Transnational Racial (In)Justice In Liberal Democratic Empire
134 Harvard Law Review Forum 378 (2021)
21 Pages Posted: 27 Apr 2021 Last revised: 18 Jun 2021
On June 17, 2020, Philonise Floyd addressed the United Nations Human Rights Council, the United Nations’ paramount human rights body, demanding justice for the murder of his brother and the many other Black people who have been subject to the regime of racial extrajudicial killings endemic in the United States. His testimony was part of a remarkable “Urgent Debate” — an emergency special session of the Human Rights Council reserved for extreme human rights situations that marked a pivotal global moment in the transnational racial justice uprising of 2020. To the extent that racial justice advocates and legal scholars are engaged in a process of reckoning with racial subordination and emancipatory horizons, this Essay draws a number of lessons from the Urgent Debate. It foregrounds a transnational analysis as essential for assessing emancipatory possibilities for Black people living in the United States and elsewhere, because the maintenance of Black racial subordination is properly understood as involving a transnational dimension, one that institutionally implicates the United Nations and international law as well. This Essay casts the Urgent Debate as the latest illustration of how tightly liberal hegemons can keep the lid on anti-Black racism through transnational means ranging from naked geopolitical bullying to normative insistence on liberal democratic norms and institutions to obstructive bureaucratic techniques. Ultimately, racial injustice must be assessed and grappled with as a potentially defining or systemic feature of the liberal imperial project, rather than a pathology or aberration that simply requires harder work or more commitment to reform. For purveyors of international human rights law and its accompanying institutional mechanisms — no matter how well-intentioned they may understand themselves to be — the point is that racism is not outside of their systems but is instead an institutionalized feature of these systems. The challenge at hand, then, is to develop strategies and goals that account for this reality.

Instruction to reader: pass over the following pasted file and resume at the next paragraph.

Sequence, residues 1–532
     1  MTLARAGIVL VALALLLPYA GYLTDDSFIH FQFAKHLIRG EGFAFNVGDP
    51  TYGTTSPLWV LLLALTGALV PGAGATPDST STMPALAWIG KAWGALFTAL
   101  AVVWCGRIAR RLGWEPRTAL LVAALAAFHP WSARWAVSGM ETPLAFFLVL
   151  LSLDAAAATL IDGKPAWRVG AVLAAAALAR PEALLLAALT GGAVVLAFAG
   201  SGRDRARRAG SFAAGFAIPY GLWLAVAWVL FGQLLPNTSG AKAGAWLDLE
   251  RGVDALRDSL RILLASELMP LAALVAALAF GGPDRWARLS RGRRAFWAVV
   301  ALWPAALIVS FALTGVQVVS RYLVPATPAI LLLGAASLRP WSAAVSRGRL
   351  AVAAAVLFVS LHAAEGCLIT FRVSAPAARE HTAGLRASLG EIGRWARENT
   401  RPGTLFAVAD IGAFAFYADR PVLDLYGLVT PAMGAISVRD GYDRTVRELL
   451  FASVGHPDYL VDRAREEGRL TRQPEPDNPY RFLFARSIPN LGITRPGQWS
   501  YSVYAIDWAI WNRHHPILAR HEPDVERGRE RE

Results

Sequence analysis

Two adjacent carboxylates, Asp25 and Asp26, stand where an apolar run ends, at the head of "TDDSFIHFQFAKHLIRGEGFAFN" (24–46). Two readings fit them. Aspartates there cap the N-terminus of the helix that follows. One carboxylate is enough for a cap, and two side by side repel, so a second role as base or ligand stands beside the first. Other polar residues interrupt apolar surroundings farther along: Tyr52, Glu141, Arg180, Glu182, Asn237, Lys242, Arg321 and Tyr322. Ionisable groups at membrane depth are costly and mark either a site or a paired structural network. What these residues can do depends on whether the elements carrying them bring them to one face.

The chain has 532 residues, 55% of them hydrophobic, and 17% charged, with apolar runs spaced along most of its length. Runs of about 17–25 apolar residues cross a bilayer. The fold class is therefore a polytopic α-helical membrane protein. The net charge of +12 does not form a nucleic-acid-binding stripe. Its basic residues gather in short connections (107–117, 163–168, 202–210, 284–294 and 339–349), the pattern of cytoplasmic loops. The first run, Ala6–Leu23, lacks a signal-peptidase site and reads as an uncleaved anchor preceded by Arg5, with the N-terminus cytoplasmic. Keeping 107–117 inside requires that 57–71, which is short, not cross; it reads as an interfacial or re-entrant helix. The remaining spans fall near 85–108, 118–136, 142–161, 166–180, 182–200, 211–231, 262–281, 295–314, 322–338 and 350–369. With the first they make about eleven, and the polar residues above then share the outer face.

Keywords: 'Urgent Debate', emergency special session of the Human Rights Council of the U.N., George Floyd, racial injustice, international human rights, racial subordination in the U.S., systemic racism and police brutality in the U.S.
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